Hunting Big Game Hunting Deer Hunting

Rattling Revisited

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Last September we reported on a study that involved whitetail bucks and how they responded to antler rattling. To recap, Texas biologist Mick Hellickson and his partners whacked horns together 171 times and lured 111 deer during a research project that spanned three years. They pulled in the most bucks during the peak of the rut. Cool mornings, cloud cover that ranged to about 75 percent and light winds characterized the most productive days. Sixty percent of the bucks approached the banging and grinding sounds from downwind.

The researchers found that if they weren’t totally exhausted after a sequence, they hadn’t been rattling hard enough. The crew crashed the antlers long and loud some 85 times, attracting 81 bucks. Their 86 kinder, gentler routines brought in only 30 deer.

That’s cool stuff, and there’s more. Hellickson, chief wildlife biologist for the King Ranch, just turned us on to the second part of the landmark study he conducted. His findings might go against a lot of what you’ve heard or read about rattling in the past.


The follow-up project took place on a sprawling Texas ranch where 130 bucks of all ages were radio-collared. Forty-three of the deer were fitted with activity-sensing transmitters; the type of signal indicated whether the animal was bedded down or moving. Researchers also registered each buck’s age and rack measurements and could later identify each one by its unique radio signal. The bucks were split into two groups: “culls,” whose racks scored less than 130 points, and “trophies,” who scored 130 and higher.

During the October-to-December test period, Hellickson and crew started zeroing in on the collared bucks. This proved challenging. The old titans, some of them 5 1/2 to 9 1/2 years old, were especially secretive in the thick brush country. After pinpointing a buck through its radio signal, a researcher gained the advantage of the wind, got within 200 to 300 yards of the buck and set up in cover. He then rattled long and hard and measured the response.


The researchers performed 33 rattling sessions within hearing range of 18 different collared bucks. During 24 of the sessions, the radio signals indicated that the bucks got active and moved closer to the person rattling. In other words, nearly three out of four bucks responded exactly the way a hunter hopes they would respond. The results surprised even Hellickson. “Before the study, I would have guessed that less than twenty-five percent of the bucks would move toward the sound of the horns,” he says.


When the rut is right, it pays to rattle to any buck you see or think is holed up in cover upwind and within earshot. Chances are good that he’ll come in.

Seeing the big-racked beast is another matter. The Texas rattlers spotted only 11 of the 24 bucks that responded. That jibed with Part I of the study, in which rattlers on the ground spied only 48 of the 111 bucks (43 percent) that investigated the racket.


“Once again it shows how important it is to get elevated,” notes Hellickson. Bang horns from a tree stand or from a ridge, hillside or hump where you can spot bucks coming a long way out.

Almost all of the time, bucks approach rattling sounds from somewhere downwind, trying to sniff out the fighters. Hellickson’s study confirmed this but revealed an intriguing twist. After first moving downwind toward the cracking and grinding noises, three out of four bucks circled back to a spot upwind of their original location. Furthermore, the average distance a buck moved 30 minutes after responding to a rattling sequence was one third of a mile. Two bucks walked nearly three quarters of a mile, while two others moved very little.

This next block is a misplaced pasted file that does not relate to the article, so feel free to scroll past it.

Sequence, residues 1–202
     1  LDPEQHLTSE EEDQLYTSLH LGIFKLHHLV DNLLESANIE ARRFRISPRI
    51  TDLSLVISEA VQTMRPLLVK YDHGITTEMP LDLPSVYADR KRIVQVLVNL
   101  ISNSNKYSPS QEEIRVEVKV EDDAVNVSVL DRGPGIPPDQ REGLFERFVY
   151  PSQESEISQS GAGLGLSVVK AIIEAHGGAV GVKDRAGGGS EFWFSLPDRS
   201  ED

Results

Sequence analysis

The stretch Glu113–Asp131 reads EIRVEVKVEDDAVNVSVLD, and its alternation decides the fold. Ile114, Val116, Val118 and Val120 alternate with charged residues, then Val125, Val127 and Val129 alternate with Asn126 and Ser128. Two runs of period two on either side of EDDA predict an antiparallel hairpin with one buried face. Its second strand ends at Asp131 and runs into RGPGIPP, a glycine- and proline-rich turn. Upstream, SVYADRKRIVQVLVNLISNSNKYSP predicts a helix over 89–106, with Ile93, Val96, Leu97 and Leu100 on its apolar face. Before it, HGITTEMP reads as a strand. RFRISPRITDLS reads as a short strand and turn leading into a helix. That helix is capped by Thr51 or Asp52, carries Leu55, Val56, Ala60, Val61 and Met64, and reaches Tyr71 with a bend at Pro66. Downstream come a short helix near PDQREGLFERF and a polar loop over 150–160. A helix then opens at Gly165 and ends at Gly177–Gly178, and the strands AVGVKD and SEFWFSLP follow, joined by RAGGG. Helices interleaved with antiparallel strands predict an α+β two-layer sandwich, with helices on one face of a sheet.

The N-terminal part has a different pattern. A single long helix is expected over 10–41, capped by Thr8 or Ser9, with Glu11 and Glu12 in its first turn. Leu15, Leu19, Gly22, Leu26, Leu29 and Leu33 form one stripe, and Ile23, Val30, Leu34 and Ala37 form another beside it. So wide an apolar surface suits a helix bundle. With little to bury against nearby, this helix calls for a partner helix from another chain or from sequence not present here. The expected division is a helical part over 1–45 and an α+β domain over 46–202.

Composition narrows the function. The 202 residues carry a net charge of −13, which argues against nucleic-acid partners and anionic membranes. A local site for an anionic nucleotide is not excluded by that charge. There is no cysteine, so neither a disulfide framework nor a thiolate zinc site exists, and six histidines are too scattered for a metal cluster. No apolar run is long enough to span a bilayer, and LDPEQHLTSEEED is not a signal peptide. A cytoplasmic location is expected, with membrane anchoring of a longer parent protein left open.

After rattling, sit still for 30 minutes and watch downwind. But don’t lock on. You might miss a buck on the upwind side if you don’t look hard and often in that direction, too.

As was the case in the first part of Hellickson’s study, the peak of the rut was the most productive time in Part II. Eleven of the 14 bucks within earshot of the rattling got active and moved closer. The first days of the post-rut were just as hot.

With all the horn knocking going on these days, might bucks get “call-shy”? To shed some light on that, Hellickson located and rattled to 11 different bucks multiple times. Seven of the deer, including a 6 1/2-year-old brute, moved closer every time. The other four animals didn’t react to the first sequence but approached the horns the second time around.


Don’t worry about rattling too much, and keep it up for a while after the rut. The bucks are still likely to come your way.

Here’s one last thing to chew on. Fifty percent of the “cull” bucks the researchers rattled to reacted positively, while 67 percent of the “trophies” (130 Boone and Crockett points or better) moved closer. That should give you hope. When you crack the horns long and loud some morning this month, the first deer that comes running just might be the one you saw in your dreams the night before.

Times to Rattle

Rattling might work at any time of day, but some times are better than others. The findings below are based on Texas rattling sessions; they show responses in terms of the percentage of bucks drawn closer during various time periods.

7:30-10:30 No sessions performed Pre-rut 100% Rut Peak 75% Post-rut

10:30-1:30 50% Pre-rut 67% Rut Peak 75% Post-rut

1:30-4:30 33% Pre-rut 67% Rut Peak 83% Post-rut